This morning I read an article on winter survival written by an individual who not only has no idea how to keep the body alive in the winter, but also had seemingly no experience in the cold without a truckload full of gear. It seems I have read hundreds of these, but maybe it’s only [...]
Sunday, February 4th, 2001 Woke up on my bed of fir boughs surrounded by other sleeping bodies. There are seven of us lying in a circle inside the round white tent. The only part of the tent floor not covered with prone bodies is the area next to the door and the small rectangular woodstove. [...]
Allagash falls after several days of heavy rains. A shirtless figure stands alone, shaking his fists. Shot during the fall, 2004 fall semester course on day 9 of an 11-day trip with a disposable film camera. Great shot, great trip, great guy.
These are not good times to put out a book on edible wild plants. Unless you’re Samuel Thayer. When I reviewed Thayer’s first book, The Foragers Harvest, I wrote that it is as good or better than anything available on the topic. It has since become the go-to book for students at the Jack Mountain [...]
Paddling into the mist on Long Lake, part of the Allagash Wilderness Waterway in northern Maine. Shot on a cool September morning under a clear blue sky.
This is one of my favorite photos, taken during the fall, 2003 Wilderness Bushcraft Semester. It’s the St. Croix River, which is the border between Maine and New Brunswick. In the photo are two women poling solo in 18 foot canoes. It was a beautiful fall morning; cold and crisp, with warmer water generating the [...]
Safety and having several backup plans are key when planning a trip. We designed a form a number of years ago that students fill out as part of our guide training curriculum for each excursion. You can get a .pdf of it here. The procedure is simple: Fill out three copies. Keep one with you, [...]
Do babies understand numbers, or are they a blank slate? Is it a given that they will grow to understand numbers like we do, or do they need to be taught? Is how we experience numbers different from how stone age people understood them? These questions and more are examined in this Radiolab podcast from [...]
We do a lot of sourdough baking in the reflector oven when on remote trips. It’s a great piece of low-tech, high-skill equipment that is worthless in the hands of someone who doesn’t know what they’re doing, but priceless in the hands of someone who does. The best way to become proficient with it is [...]
We’ve had some great discussions about how the brain works in the learning process as part of our ongoing online course on becoming an instructor. One aspect that we’ve only touched on briefly is the role of exercise in the learning process. To simplify a complex subject into a soundbite, exercise is good for your [...]
Nutshimit is a word and concept from the Innu. Previously known by the name given to them by the French, Montagnais, they inhabit a huge, sparsely populated region of Quebec and Labrador. For many Innu, life in the village is marked by idleness and a sense of loss and alienation, in strong contrast to being [...]
The question of how our bushcraft courses are applicable in the modern world comes up from time to time both in email and through discussions, so I wanted to formally address it today. When examined from a sufficient distance so as to blur the specific skills, our courses teach four things: problem solving, leadership, self-reliance [...]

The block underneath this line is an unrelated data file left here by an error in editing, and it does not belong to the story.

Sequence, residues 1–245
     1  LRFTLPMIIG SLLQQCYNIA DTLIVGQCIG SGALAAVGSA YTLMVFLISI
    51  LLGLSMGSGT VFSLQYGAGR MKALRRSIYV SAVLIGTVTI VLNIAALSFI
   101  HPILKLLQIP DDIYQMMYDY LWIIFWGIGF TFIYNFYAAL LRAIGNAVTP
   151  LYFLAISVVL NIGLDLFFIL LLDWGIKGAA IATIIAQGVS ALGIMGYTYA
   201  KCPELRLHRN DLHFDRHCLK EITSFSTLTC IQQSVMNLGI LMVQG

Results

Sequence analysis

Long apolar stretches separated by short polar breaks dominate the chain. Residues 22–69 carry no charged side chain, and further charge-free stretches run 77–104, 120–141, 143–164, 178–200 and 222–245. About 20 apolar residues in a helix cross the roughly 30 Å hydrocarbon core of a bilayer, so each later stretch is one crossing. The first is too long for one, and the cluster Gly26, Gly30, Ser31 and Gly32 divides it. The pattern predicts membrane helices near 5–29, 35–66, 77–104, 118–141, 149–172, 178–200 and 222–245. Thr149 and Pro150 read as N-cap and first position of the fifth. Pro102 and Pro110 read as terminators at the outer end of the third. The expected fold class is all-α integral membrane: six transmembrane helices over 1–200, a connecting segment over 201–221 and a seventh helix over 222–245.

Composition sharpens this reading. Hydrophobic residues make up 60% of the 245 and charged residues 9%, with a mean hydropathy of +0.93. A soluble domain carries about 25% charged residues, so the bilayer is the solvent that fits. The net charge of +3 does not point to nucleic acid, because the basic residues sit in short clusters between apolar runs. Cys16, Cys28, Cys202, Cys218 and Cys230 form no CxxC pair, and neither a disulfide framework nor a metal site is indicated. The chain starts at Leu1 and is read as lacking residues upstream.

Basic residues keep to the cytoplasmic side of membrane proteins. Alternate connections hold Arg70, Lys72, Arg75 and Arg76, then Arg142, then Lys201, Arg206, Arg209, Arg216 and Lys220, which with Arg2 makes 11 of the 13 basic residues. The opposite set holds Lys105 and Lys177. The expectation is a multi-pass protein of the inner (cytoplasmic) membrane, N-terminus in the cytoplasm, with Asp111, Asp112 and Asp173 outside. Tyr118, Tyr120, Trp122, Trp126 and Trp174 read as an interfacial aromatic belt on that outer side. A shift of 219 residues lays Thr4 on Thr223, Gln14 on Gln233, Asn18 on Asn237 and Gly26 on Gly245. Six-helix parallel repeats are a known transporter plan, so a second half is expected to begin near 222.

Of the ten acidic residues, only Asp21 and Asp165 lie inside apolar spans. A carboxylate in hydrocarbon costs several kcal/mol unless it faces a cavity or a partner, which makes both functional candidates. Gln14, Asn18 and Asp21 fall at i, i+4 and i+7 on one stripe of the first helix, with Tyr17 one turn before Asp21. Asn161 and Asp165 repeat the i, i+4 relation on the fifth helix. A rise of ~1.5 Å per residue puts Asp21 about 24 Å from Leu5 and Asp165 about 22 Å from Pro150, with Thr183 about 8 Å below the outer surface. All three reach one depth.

I’ve been thinking for several years about putting together an expedition-style course for young men where we’d spend three or four weeks in the north woods canoeing and living outdoors. It would be a similar, although less rigorous, curriculum that we use in our college semester programs, with a focus on academic subjects such as [...]
There are many features that make our yearlong bushcraft immersion program unique, and to read about them you should check out the yearlong page as the purpose of this post is to list a few of the perks that go along with taking the yearlong, but aren’t a part of it. Yearlong program graduates have [...]
I love to explore new places. I’ve covered a lot of northern Maine in my canoe over the last decade, and I’ve still only scratched the surface. Sometimes I find those special spots where no one goes, the fishing is good and there’s a beautiful place to camp. Other times I’m hauling over beaver dams [...]
Thanks to a friendly piece of software this blog is now formatted with a mobile theme for viewing with the iPhone/iPod Touch, Google Android, Palm Pre and other touch-based smartphones.
Early spring is the season of travel on remote northern rivers. Swelled with snowmelt, a canoe is able to travel where the water is too low during the summer. This is one of my favorite spots in Maine, seldom visited, far from any logging road and a long way from town or a paved road. [...]
Something we emphasize on our courses is to know yourself and how you deal with different stresses that come into play on extended trips or even when you’re just working around camp. One of the most important deals with hydration; how much water YOU need and what happens when you don’t get enough. This is [...]
When I was a kid I knew the company I wanted to work for. I knew what my job would be and the things I’d do. But I couldn’t get hired by that company because it didn’t exist. I had to build it. Here’s a timeline of some of the highlights of that journey. 1995. [...]